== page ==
Mon | Jan 21, 2019

Resources Not Available For STEM Roll Out

Published:Tuesday | May 5, 2015 | 12:00 AM
Ruel Reid

Ahead of the appointment of seven industry leaders to spearhead the transformation of selected technical high schools into science, technology, engineering and mathematics (STEM) institutions, one educator has raised alarm that the resources are not available for the implementation as proposed by the Ministry of Education.

Principal of Jamaica College, Ruel Reid, has argued that schools will need to be properly resourced in order for STEM education to be effective.

"The resources for a STEM roll out just do not exist. The Ministry of Education's budget has been cut, so I challenge the ministry to explain where it is going to find the resources to implement the programme," he said in an interview with The Gleaner.

He also argued that the introduction

of a STEM programme may only be symbolic.

"All they are simply saying is that the schools which are already doing technical vocational courses (tech-voc) will simply say they are STEM, so it's not that you are really introducing any new programme, they are just calling it a different name because that is really what they are doing," he added.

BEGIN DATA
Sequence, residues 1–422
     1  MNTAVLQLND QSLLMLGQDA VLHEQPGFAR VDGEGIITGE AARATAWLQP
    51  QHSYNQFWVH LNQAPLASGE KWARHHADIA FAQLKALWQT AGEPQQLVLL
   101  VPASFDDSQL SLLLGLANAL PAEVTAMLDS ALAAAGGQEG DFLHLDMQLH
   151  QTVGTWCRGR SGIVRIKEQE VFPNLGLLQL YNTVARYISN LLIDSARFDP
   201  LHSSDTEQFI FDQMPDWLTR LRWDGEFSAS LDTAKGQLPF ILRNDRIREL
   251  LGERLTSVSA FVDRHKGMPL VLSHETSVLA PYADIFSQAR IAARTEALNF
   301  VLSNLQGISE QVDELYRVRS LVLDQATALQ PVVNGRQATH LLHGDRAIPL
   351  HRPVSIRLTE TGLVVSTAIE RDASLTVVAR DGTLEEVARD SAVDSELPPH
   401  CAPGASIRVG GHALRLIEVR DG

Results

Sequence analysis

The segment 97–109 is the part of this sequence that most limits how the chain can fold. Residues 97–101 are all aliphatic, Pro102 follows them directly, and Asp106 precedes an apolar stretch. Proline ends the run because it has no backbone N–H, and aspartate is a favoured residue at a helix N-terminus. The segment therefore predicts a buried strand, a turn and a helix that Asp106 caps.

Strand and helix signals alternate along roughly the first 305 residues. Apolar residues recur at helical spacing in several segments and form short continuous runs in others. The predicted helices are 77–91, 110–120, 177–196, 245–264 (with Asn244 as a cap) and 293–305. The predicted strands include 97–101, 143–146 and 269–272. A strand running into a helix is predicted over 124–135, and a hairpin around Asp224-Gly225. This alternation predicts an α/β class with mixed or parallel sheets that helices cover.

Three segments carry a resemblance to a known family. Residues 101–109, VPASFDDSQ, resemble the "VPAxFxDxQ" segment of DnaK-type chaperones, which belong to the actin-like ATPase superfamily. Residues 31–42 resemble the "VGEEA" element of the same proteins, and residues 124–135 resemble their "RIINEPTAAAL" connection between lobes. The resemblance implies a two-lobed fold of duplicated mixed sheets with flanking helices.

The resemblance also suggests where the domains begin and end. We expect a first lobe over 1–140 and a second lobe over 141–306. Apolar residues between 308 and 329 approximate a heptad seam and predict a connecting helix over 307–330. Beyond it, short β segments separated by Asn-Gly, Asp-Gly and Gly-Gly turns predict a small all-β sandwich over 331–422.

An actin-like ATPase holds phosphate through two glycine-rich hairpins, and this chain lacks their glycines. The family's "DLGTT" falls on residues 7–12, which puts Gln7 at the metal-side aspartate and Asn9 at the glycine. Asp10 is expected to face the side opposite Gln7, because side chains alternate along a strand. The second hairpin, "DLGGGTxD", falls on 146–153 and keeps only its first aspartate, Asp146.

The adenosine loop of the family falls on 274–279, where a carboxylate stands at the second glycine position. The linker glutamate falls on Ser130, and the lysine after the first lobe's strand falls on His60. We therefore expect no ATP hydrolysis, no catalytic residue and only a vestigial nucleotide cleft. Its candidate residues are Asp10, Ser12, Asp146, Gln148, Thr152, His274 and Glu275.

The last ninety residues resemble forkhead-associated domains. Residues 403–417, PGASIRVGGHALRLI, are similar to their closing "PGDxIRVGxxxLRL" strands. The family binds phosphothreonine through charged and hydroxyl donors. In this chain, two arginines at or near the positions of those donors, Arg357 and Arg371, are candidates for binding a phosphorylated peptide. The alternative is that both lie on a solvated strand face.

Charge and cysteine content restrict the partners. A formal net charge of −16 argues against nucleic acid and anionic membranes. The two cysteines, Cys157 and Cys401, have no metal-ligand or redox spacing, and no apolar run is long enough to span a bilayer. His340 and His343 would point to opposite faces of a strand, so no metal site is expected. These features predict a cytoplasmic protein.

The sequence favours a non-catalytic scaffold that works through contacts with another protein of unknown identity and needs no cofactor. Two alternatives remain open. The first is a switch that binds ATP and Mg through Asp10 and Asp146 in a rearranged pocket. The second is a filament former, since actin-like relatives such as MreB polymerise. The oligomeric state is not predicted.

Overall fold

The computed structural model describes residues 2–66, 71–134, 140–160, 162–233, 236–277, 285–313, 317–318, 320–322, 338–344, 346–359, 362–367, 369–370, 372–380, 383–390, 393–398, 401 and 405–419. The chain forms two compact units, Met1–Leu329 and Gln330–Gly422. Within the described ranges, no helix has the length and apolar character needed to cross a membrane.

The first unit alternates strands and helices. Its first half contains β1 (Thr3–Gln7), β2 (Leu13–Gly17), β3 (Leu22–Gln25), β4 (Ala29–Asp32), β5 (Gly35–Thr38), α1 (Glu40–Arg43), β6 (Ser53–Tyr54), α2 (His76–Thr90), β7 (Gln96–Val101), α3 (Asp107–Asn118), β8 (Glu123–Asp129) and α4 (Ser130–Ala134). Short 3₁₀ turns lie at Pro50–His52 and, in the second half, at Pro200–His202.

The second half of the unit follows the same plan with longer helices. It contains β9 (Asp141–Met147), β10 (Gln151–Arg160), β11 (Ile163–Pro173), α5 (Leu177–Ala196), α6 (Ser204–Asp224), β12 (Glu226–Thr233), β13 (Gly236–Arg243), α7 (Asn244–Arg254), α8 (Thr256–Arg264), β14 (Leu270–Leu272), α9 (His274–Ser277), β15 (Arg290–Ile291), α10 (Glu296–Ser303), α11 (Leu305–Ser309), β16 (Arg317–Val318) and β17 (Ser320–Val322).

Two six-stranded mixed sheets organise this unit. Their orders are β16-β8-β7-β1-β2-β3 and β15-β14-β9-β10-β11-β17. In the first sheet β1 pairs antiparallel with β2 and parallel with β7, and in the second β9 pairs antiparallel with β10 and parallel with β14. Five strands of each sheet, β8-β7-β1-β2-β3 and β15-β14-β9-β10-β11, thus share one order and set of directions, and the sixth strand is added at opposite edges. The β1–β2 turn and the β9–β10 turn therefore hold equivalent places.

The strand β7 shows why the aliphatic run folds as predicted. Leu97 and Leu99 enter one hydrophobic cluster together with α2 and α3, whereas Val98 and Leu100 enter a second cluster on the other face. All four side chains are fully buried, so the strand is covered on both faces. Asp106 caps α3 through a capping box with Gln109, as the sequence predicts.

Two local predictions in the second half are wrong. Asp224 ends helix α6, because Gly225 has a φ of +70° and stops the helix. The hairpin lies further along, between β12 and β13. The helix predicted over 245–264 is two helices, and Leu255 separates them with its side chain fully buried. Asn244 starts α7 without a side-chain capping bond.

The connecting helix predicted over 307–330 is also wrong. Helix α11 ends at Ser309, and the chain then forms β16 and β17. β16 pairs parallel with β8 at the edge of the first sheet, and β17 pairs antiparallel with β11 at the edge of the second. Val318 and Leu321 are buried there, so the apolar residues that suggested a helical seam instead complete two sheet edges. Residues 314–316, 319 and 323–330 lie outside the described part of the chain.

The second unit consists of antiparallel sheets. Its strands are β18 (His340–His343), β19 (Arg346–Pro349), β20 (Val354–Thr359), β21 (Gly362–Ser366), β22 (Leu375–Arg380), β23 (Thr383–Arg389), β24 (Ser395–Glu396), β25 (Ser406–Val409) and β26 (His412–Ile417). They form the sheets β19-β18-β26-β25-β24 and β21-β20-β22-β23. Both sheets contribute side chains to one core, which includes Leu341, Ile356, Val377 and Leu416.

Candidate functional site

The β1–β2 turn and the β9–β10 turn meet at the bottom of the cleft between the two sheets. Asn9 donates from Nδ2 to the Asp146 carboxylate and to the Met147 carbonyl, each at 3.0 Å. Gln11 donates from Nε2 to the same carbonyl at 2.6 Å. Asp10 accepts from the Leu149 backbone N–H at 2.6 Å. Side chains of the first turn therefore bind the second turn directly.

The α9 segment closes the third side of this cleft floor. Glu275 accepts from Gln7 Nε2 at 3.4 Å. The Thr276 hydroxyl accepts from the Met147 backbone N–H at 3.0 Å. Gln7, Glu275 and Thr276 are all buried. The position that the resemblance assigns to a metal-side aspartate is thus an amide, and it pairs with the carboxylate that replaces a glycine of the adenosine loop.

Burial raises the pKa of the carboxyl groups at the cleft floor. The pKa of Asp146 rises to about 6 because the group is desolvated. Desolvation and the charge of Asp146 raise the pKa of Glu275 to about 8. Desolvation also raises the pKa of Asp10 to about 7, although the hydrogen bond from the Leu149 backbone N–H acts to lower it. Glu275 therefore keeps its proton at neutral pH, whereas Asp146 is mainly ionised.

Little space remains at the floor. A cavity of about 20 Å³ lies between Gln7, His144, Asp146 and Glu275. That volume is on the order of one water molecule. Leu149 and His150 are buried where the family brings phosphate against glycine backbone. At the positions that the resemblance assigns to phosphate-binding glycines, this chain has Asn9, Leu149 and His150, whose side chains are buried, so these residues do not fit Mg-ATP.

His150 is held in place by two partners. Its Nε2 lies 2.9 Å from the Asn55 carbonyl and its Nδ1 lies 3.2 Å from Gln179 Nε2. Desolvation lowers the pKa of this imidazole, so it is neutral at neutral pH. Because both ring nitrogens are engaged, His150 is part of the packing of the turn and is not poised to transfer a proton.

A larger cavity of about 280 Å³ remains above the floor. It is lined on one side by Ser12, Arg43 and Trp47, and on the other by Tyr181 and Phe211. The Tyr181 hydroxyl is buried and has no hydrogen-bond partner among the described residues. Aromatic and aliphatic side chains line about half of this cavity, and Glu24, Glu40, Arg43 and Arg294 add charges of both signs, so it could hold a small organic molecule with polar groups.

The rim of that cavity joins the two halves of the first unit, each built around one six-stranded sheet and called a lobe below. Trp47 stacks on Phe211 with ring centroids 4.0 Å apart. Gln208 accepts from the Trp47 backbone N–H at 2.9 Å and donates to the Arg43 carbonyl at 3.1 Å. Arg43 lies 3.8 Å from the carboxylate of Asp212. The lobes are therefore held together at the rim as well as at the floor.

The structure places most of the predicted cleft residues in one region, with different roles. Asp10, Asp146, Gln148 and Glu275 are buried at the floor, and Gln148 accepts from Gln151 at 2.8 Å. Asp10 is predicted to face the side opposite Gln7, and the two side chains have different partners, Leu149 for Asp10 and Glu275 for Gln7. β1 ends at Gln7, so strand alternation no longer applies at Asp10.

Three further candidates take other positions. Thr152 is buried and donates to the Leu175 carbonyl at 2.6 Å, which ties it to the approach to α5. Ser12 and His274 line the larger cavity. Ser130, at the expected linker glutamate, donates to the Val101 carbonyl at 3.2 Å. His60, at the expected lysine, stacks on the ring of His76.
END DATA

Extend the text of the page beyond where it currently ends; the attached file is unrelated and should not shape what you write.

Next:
Reid, a former opposition senator, pointed to Australia as the model for tech-voc education and asserted that the ministry is attempting to do what is not done in that country.

"You have HEART/NTA, which is the tech-voc, workforce-training arm, so all you need to do is use the same model. You can transition between high school or university and HEART and get your certification, because in Australia, you can't get a job unless you have technical certification."

Duplication of effort

He went on to state that HEART/NTA already existed to serve the tech-voc needs of the country and it represented a duplication of effort for the ministry to try and enforce tech-voc in each school.

"What you need is integration between the schools and HEART. What they have sought to do is to let the schools take over the delivery of level one and two of the HEART programme, but the school does not have the resources for that," he said.

Reid is calling on the ministry to build the capacity of HEART/NTA as a technical school in particular, with reference to the STEM areas.

He added that students can be directed to the STEM programmes at HEART/NTA through career guidance.

"In the same way we are guiding students to Caribbean Maritime Institute because of the expansion in logistics and we are also guiding them towards aviation,so you don't have to reinvent the wheel to say that everything must be done in the secondary schools," he said.